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POLICY & REGULATIONS

FSSAI amends food additive regulations & adds stds for new categories
Wednesday, 13 June, 2018, 08 : 00 AM [IST]
Shraddha Joshi, Mumbai
FSSAI has issued a draft notice calling for views and suggestions from the World Trade Organization (WTO) – sanitary and phyto-sanitary (SPS) committee members revising the existing standards as well as adding new categories to the food additives list.

“Stakeholders must submit their suggestions within 60 days of the listing,” said a notice uploaded on the country’s apex food regulator’s website.

As per the draft notification, Sub-regulation 2.3.51 and 2.3.52 for coconut milk (non-dairy) and coconut cream (non-dairy) under Regulation 2.3 related to fruit and vegetable products has been revised from the labelling perspective.

The draft now directs that maltodextrin or sodium caseinate be mentioned as the label declaration on the package if it is added, which was not the case earlier. The coconut milk (non-dairy), in which coconut water or maltodextrin or sodium caseinate, either singly or in combination, is added, shall be labelled as: Coconut milk with added coconut water/maltodextrin/sodium caseinate.

Meanwhile, new standards have been added under Regulation 2.9 of the Food Safety and Standards (Food Products Standards and Food Additives) Regulations, 2011, related to salt, spices, condiments and related products, and Regulation 2.4, related to cereals and cereal products .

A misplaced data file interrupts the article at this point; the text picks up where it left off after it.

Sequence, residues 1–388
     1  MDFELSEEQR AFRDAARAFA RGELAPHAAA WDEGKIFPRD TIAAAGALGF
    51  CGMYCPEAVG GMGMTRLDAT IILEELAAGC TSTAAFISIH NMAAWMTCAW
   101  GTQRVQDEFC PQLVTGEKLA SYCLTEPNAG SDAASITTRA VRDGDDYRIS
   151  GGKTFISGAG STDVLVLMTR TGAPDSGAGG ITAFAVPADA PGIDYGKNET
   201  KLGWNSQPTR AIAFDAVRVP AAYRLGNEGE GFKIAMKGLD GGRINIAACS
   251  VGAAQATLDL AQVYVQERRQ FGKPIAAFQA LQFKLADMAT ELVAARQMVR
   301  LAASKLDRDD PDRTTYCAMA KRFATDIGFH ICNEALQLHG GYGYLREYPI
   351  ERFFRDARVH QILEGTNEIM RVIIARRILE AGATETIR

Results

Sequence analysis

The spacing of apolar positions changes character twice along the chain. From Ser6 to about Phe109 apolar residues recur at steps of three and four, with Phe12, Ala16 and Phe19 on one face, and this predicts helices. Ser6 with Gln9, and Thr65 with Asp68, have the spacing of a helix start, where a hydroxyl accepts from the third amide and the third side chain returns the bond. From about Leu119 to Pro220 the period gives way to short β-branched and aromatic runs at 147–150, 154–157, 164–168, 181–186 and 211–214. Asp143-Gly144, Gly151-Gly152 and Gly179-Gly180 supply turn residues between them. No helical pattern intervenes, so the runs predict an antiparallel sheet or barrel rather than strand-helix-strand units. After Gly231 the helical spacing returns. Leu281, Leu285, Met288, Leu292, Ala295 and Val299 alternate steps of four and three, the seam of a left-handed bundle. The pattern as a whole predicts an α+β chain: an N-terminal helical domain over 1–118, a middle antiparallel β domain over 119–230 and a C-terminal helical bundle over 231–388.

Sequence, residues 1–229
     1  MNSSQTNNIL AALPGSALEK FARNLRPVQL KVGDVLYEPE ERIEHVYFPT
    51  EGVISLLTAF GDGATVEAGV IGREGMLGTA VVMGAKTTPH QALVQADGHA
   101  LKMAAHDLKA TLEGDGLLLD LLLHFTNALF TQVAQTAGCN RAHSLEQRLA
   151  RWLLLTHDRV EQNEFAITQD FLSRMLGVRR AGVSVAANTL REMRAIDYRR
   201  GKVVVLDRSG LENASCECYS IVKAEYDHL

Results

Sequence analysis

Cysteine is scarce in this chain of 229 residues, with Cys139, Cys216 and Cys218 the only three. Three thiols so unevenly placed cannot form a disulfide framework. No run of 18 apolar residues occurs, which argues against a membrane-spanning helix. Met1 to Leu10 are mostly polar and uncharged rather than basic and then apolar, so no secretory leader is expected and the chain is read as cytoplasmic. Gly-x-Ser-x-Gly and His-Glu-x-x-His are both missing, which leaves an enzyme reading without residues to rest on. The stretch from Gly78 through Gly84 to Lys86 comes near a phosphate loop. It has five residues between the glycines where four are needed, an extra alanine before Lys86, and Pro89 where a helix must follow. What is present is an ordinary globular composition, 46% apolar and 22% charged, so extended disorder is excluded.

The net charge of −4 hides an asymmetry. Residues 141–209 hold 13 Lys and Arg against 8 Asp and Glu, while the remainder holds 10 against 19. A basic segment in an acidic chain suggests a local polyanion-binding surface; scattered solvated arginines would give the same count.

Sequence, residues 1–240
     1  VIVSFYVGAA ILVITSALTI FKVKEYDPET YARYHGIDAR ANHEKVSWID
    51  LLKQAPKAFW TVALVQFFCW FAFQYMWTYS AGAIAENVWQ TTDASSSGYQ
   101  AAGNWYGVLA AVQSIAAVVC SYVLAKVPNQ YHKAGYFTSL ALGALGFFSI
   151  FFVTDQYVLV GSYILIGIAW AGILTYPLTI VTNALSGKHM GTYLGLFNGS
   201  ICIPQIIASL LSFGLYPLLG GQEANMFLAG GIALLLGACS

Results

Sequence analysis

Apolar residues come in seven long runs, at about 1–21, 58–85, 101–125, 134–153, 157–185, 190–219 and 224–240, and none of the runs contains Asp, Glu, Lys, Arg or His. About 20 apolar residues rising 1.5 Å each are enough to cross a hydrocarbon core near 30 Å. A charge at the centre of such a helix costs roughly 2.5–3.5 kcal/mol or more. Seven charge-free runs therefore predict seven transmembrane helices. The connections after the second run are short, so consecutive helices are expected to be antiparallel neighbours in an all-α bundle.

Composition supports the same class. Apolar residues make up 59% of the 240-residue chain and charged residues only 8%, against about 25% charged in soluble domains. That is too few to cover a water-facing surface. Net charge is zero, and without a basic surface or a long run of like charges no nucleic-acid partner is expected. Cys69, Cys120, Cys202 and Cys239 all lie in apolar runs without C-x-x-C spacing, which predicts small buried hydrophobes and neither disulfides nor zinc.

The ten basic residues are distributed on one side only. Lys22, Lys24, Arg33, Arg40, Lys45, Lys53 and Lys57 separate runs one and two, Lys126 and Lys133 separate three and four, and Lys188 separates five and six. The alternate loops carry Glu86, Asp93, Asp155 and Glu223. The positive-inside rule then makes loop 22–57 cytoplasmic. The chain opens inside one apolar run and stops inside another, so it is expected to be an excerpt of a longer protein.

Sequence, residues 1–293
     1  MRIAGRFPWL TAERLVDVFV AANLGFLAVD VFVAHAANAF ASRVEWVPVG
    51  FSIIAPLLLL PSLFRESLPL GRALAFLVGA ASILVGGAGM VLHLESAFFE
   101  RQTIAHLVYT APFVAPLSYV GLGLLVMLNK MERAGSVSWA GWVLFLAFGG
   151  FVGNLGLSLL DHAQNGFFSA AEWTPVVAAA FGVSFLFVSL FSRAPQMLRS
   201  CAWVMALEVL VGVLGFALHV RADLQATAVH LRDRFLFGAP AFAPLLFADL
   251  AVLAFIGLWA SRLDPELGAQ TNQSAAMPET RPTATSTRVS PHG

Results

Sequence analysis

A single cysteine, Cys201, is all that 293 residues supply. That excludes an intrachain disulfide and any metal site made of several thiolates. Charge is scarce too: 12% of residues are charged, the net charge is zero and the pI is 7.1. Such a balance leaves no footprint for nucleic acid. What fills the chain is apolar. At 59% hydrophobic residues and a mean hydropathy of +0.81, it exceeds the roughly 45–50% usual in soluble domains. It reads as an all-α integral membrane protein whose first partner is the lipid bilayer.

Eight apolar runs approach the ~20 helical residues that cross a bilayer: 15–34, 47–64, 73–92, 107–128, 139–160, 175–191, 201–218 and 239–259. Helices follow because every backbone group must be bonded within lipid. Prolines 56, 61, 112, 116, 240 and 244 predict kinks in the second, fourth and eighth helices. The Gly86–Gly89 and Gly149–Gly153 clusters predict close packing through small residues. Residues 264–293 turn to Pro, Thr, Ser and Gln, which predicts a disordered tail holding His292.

Under Sub-regulation 2.9.34 of Regulation 2.9, the standards for dried oregano, pimento or allspice, dried laurel or dried bay leaf, dried mint and dried rosemary, and under Sub-regulation 2.4.32 of Regulation 2.4, the standards for wheat bran and non-fermented soybean products have been added for the first time.

Having done research on oregano earlier, Dhrubo Jyoti Sen, professor, department of pharmaceutical chemistry, Shri Sarvajanik Pharmacy College, Gujarat Technological University, Gujarat, said, “Adding new standards for these categories under spices and condiments will help the industry clarify all its queries about the usage.”

“Oregano is a wonderful herb, both to use in cooking and to use therapeutically as needed. Although oregano is popular in Mediterranean cuisine, it is often associated primarily with a pizza spice in the United States. It contains Vitamins A, B6, C, E and K, as well as fibre, folate, iron, magnesium, calcium and potassium,” he added.

Sen said, “Oregano has anti-inflammatory properties, acts as antioxidants for immune system support and also has cancer-fighting effects. Standards for the new categories were needed and inclusion of them in the regulation is a welcome move.”
 
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